VOICES In the Trenches
How reliable are your portfolio’s customer
By Chris D’Ascenzo, PgMP, PfMP
Chris D’Ascenzo, DBA, PgMP, PfMP, is founder of
Ascendt Group LLC, Green Lane, Pennsylvania, USA.
He can be reached at email@example.com.
USING CUSTOMER SATISFACTION SURVEYS in a
portfolio of IT projects and programs presents complex challenges. Portfolio managers must balance strategic objectives against external customers’ demands
spelled out in survey results. And in large organizations, portfolio managers have to align portfolios to
strategies that serve different customer cultures.
But one of the biggest challenges is even more fundamental: determining how useful these surveys are
and finding ways to improve them.
As an executive in the national security and defense
industry, I once led a portfolio containing over 100
projects, task orders and program elements, and more
than 1,000 IT employees. With so many factors, I began
to realize that implementing a customer satisfaction
discipline was necessary to assess how our customers
saw us. But I knew it was not sufficient to gauge customer affinity or to make investment decisions. Favorable customer satisfaction doesn’t tend to be a strong
predictor of retaining customers in the face of factors
like IT service delivery model efficiencies, migration to
cloud architectures and value pricing.
For four years, my portfolio team conducted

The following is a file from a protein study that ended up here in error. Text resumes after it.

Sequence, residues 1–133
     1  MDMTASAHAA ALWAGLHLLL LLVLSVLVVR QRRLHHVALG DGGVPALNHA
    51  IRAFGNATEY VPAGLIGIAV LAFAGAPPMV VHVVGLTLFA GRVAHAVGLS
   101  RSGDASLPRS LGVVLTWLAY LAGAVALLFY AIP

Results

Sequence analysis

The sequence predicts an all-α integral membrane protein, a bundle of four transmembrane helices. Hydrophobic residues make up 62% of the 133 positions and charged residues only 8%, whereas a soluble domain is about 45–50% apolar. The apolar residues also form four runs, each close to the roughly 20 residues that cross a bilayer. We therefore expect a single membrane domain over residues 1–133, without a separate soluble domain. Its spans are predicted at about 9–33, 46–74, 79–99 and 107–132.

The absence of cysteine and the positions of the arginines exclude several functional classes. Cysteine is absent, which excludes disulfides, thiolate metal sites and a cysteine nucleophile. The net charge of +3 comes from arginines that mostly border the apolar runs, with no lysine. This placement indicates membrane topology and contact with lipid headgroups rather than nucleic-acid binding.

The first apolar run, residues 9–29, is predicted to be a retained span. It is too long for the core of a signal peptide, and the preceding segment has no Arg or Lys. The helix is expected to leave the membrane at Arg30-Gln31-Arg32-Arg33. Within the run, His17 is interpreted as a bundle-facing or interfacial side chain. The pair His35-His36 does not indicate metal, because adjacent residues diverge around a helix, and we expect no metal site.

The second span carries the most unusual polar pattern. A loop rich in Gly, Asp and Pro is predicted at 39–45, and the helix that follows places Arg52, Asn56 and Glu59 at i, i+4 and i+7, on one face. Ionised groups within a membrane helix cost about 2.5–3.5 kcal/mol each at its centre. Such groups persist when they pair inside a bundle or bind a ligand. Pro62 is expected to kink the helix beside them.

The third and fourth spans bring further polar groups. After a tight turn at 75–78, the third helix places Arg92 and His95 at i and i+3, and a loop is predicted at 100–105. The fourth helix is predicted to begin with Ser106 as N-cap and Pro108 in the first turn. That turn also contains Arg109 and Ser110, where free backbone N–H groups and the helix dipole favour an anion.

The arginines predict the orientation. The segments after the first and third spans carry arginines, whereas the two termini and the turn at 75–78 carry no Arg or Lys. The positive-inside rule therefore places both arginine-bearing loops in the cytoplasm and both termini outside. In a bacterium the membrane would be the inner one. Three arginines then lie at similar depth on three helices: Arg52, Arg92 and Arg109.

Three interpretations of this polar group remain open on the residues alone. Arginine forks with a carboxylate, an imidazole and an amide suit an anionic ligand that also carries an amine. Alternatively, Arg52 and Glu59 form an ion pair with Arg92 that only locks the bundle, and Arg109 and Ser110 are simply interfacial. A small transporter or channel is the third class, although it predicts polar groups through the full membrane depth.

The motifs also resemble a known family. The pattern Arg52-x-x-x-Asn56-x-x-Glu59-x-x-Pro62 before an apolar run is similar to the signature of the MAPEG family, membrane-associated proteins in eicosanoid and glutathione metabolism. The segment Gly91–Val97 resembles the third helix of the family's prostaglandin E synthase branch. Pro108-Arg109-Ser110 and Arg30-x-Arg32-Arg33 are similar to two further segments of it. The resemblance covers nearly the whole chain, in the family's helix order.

detailed customer satisfaction surveys addressing
responsiveness, teamwork, conflict resolution, back-
office support, agility and overall satisfaction. We also
developed a value measurement framework to add
context to the customer satisfaction data-collection
process. We implemented guidelines on tangible and
intangible benefits recognition, expected values of
benefits on a project or program basis, and a host of
approaches for customer engagement and analysis.
This customer satisfaction survey discipline worked.
Still, our ability to assume that we would garner new
business or retain long-term contracts during a mar-
ket downturn could not depend on survey data alone.
While it provided good feedback, it did not yield a reli-
able leading indicator of repeat business.
So my organization adopted a more strategic use of
the customer satisfaction information. To shape the
portfolio, we began to look beyond the data and identified potential gaps in our competitive differentiation by
using the satisfaction metrics themselves.
For example, the surveys showed that although
clients gave us excellent ratings in the majority of the
portfolio accounts, it was getting cheaper for them
to switch to alternative IT services suppliers. This
prompted us to evaluate more aggressive and creative
pricing and staffing solutions. Additionally, I noticed
over time that several clients gave us excellent overall
satisfaction ratings, but their emphasis on back-office
support rose steadily as client budgets became more
aggressive. Ignoring this trend despite excellent customer satisfaction scores would take the edge off our
competitive value proposition going forward.
Looking beyond the obvious customer satisfaction
data also allowed us to identify trends in customer priorities. These trends could be determined from doing
a regression analysis on the satisfaction data. In several
instances, subtle shifts in customer strategic emphasis,
like teleworking and social media infrastructure evolution, were detectable—just enough to help us in developing counter strategies to shape the portfolio and
ward off competition.
In the case of customer satisfaction measurement,
we learned valuable lessons about collecting data and
looking beyond it. I continue to try to find more leading indicators of portfolio performance. PM